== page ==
Robbins, Salomon & Patt, Ltd. (RSP) on March 10, 2021, filed a lawsuit against Family Eldercare, Inc., a Texas guardianship program and two of its employees, in the District Court of Travis County, 126th Judicial District in Texas. The employees were assigned as guardians for Mr. Michael Hickson, a 47-year-old man with multiple disabilities who died at St. David’s South Austin Medical Center (SDMC) in Austin, Texas in June 2020 after being deprived of all life-sustaining treatment including artificial nutrition and hydration for six days.
Admitted to SDMC on June 2, 2020, Mr. Hickson was fighting sepsis, a urinary tract infection, pneumonia, and suspected COVID–19, all conditions for which he was successfully treated at SDMC only three months prior. Almost immediately upon Mr. Hickson’s admission and without waiting to determine if antibiotics would be successful, SDMC physicians recommended he be placed on “Do Not Resuscitate” instructions. Mr. Hickson was a quadriplegic, had an anoxic brain injury, and cortical blindness all stemming from sudden cardiac arrest in 2017. All were stable conditions.
Despite identifying the specific organism that caused the bacterial infection and lab results indicating Mr. Hickson was responsive to administered antibiotics, on June 5, 2020, his physicians, with the obliging consent of Family Eldercare, abruptly withdrew all life-sustaining treatment including artificial nutrition and hydration and designated Mr. Hickson as Do Not Resuscitate. When pressed for an explanation as to why they would not treat him, in a legally recorded conversation, one of his physicians told his wife, Mrs. Melissa Hickson, “as of right now, his quality of life, he doesn’t have much of one.” The physician then distinguished Mr. Hickson from other of his patients who were being treated aggressively for COVID–19, “his quality of life is different than theirs. They were walking, talking.”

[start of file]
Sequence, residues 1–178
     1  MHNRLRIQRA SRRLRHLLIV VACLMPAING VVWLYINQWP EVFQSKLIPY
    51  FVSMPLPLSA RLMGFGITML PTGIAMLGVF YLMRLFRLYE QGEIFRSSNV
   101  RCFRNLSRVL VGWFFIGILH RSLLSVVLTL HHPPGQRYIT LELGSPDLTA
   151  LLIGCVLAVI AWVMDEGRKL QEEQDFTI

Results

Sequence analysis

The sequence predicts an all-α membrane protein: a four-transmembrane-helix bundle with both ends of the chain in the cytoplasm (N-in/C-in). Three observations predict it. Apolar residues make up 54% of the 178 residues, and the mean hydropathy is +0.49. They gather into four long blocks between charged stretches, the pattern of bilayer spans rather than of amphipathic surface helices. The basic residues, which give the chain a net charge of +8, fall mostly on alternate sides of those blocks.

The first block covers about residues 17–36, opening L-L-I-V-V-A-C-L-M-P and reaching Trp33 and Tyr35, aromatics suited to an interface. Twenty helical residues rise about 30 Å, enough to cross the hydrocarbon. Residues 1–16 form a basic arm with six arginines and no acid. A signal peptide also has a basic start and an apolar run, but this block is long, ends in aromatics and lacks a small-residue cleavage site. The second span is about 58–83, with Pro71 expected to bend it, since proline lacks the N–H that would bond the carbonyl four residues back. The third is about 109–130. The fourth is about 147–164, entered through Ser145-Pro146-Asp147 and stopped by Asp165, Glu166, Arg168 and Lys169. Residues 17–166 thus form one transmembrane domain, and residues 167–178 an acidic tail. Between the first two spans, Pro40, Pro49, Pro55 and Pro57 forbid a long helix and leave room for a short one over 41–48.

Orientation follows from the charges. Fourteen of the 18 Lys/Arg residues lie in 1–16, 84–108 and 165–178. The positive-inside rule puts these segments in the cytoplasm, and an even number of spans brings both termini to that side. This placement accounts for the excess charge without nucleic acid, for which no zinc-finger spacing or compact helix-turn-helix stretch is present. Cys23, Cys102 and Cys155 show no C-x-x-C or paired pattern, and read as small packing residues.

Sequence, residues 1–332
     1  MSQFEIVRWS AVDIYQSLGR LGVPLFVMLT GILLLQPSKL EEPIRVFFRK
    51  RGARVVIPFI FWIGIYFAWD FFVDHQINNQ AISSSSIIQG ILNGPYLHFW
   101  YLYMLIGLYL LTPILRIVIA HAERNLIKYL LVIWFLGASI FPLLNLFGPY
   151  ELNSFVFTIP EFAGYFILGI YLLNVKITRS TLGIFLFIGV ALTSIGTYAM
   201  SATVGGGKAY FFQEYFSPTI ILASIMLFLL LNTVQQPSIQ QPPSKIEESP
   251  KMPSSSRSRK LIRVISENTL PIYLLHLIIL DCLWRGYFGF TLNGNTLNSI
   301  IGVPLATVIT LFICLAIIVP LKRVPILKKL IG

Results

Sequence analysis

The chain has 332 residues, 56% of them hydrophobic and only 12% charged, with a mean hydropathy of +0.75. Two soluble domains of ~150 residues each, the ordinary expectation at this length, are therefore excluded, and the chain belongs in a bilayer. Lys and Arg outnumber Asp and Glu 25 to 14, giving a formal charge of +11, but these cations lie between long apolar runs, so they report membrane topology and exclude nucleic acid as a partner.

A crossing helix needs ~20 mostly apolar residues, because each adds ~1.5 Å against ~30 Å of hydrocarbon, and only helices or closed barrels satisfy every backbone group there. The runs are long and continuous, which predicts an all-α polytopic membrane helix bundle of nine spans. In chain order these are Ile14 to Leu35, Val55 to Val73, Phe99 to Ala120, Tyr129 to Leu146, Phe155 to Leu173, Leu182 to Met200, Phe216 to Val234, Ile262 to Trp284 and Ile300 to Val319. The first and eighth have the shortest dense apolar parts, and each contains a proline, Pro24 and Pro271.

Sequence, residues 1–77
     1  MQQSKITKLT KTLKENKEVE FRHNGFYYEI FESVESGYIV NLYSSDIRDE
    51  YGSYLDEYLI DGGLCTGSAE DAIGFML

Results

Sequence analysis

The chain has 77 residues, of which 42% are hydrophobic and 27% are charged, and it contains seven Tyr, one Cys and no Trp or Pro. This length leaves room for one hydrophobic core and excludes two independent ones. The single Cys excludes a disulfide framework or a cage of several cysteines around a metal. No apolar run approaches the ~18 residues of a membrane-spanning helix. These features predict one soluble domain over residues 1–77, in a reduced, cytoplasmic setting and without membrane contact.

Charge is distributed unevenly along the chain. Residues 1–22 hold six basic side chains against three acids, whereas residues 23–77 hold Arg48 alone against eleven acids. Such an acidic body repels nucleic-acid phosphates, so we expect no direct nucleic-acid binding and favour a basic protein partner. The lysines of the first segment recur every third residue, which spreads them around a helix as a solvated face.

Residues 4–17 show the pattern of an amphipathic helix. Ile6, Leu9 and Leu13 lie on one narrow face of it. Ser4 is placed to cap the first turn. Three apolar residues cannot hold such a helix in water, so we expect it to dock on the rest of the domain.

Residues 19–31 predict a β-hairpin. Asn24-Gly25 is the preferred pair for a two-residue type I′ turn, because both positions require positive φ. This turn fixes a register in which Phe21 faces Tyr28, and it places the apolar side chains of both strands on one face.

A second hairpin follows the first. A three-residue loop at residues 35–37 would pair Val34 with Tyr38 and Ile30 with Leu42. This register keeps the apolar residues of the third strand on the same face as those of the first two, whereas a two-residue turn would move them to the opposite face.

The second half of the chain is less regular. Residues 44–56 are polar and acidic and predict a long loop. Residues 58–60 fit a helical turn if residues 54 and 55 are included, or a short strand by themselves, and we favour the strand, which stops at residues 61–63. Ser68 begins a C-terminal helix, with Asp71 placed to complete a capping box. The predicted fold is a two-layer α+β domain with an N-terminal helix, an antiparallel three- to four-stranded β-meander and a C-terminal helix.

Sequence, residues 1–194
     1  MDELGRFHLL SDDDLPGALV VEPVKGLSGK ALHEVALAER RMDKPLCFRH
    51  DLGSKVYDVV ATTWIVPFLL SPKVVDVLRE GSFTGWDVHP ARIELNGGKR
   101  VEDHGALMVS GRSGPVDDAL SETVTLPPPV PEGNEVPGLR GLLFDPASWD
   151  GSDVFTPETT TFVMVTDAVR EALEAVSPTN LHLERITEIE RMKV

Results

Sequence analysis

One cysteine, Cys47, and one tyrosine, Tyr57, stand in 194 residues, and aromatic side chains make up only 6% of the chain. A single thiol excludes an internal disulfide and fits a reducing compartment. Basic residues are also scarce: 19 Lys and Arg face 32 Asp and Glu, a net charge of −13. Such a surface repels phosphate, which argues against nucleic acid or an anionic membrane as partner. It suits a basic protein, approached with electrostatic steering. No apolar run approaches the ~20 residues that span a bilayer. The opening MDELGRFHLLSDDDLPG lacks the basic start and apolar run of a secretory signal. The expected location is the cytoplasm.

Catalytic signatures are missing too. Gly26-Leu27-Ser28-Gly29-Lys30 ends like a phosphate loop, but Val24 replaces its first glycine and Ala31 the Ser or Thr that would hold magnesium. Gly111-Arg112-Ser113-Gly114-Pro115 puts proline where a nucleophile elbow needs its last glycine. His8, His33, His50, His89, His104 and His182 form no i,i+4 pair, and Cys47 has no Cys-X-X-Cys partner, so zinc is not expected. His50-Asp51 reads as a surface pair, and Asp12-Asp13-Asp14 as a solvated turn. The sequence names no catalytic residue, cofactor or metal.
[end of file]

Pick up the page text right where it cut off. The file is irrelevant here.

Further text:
The lawsuit asserts multiple counts of gross negligence, wrongful death and intentional infliction of emotional distress against Family Eldercare and its two assigned guardians. Among other matters, the guardians expressly instructed an SDMC social worker to keep information away from Mrs. Hickson, assured Mrs. Hickson that Mr. Hickson was receiving artificial nutrition and hydration, and fatally, never questioned the physicians’ recommendation to withdraw all life-sustaining treatment including artificial nutrition and hydration. Those guardians then never informed Mrs. Hickson of her husband’s demise, and 22 days after their guardianship authority ended, granted SDMC authority to release certain of Mr. Hickson’s protected health information in a social media statement defending its actions and demeaning Mrs. Hickson. The complaint is available here.
RSP’s litigation efforts are led by Jennifer M. Sender and Andrés J. Gallegos. RSP is co-counseling with Whitburn and Pevsner, PLLC.